This is madness. When people need help, the more we can offer them, the better — yet our system now is designed with a scarcity mindset instead of one that believes, “We have all these programs to help you, and we have enough of your data to tell you that yes, you can get help in all these great ways!” We all know that if you teach a person to fish, they’ll eat for a lifetime; well, all of us who came of age with Arrested Development playing loud do. Why, as a society, are we comfortable with systems that withhold help from people just because people don’t find out about their programs?
To play devil’s advocate, or rather to argue for the status quo for a minute, the reality is that this is not the norm because every government agency has a mandate to do JUST THE ONE THING THEY ARE MEANT TO and nothing more. And this is logical — but it leads to silos and barriers, and it does not enable a seamless government experience that truly serves people where they are. Yes, it is more expensive to enable data governance across multiple agencies, especially from city to county to state, but this is being done well in increasingly frequency, often with Integrated Data Sharing systems or Data Trusts.
One way we at Alluma are approaching this problem is from a “whole person mindset” — our new platform combines traditional eligibility and enrollment with community referrals and positions the user in control of their data, not a single government agency. In our new platform, an individual can choose to opt-in to a new benefit application that we can pre-screen them for automatically, using data they’ve provided and with consent. By doing this, we take the burden off help seekers to discover new programs and remove most of the barrier to entering data over and over again. And this is just the start.
What can government do to help? We’ve yielded so much of our private lives to big tech companies for so little in return, it’s past time for government to step up and say, “We saw you were interested in this program, and we also know that you’re likely eligible for these other supports. Can we automatically enroll you?”
How can government build enough trust so that historically underserved communities in particular will trust government enough to share data when it’s needed?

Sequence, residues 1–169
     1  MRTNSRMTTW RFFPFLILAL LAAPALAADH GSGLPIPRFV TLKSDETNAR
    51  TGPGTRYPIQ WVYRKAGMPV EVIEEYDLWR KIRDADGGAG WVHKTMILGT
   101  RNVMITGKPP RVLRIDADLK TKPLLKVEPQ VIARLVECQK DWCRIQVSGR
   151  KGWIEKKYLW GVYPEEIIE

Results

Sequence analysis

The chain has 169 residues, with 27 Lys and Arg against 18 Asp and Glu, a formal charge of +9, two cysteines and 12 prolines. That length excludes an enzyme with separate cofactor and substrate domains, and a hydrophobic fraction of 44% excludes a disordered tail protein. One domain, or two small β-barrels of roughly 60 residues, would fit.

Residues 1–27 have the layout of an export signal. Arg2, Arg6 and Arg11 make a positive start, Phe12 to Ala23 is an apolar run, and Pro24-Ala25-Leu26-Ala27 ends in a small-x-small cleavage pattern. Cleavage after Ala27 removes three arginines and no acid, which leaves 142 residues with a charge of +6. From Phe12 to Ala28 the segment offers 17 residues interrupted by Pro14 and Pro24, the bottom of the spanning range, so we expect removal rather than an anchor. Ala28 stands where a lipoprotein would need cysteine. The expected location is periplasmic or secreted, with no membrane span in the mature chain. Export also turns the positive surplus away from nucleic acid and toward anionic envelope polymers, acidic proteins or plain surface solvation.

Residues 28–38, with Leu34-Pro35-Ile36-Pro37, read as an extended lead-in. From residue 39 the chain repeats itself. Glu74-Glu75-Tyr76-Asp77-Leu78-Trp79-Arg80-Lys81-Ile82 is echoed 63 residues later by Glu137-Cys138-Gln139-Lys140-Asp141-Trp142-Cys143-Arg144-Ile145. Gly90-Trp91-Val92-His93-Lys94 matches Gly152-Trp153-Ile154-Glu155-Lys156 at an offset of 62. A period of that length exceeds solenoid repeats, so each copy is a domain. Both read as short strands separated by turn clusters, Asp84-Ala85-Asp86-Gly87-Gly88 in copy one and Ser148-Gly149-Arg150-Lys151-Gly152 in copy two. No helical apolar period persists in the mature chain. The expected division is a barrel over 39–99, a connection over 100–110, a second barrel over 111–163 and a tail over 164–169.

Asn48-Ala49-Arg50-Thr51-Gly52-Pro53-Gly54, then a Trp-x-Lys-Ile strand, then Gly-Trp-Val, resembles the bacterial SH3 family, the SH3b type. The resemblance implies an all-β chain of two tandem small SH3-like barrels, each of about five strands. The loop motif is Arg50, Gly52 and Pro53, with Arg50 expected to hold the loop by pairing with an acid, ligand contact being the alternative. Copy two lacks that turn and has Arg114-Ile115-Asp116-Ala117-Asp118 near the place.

Which brings us back to trust. None of the technologies and data systems needed for this are beyond our reach, but our country has seen decades of declining trust in government, and the past two decades in particular have seen society fragment into partisan sects. The only way to build trust is to earn it, so we’re told early in our lives and our careers. So how can government build enough trust so that historically underserved communities in particular will trust government enough to share data when it’s needed?
I suggest we start making it a priority. We can start with focused, no-stop programs in collaboration with community advocates and community-based organizations. We can give them insights into privacy and security measures, oversight of how data will be used, the messaging to be given to individuals seeking help, and share data on the success and failures of such efforts with these stakeholders.
Working this way is slower, but we didn’t go from “100% trusting all things government” to where we are now in a week; it’s been decades, and we can start to turn this around slowly but surely. And, one day in our future, when someone you know loses their job and/or their healthcare, their experience will be one of swift and sustaining support — not one of frustrated application portals and uncertainty.
Steve "Spike" Spiker is a data-inspired collaborator and leader with a focus on tech for good, government transparency, and public policy. In his role as Alluma’s Chief Data Officer, he’s building out a data practice for the entire organization, from data governance to business intelligence. Follow Spike on LinkedIn and Twitter.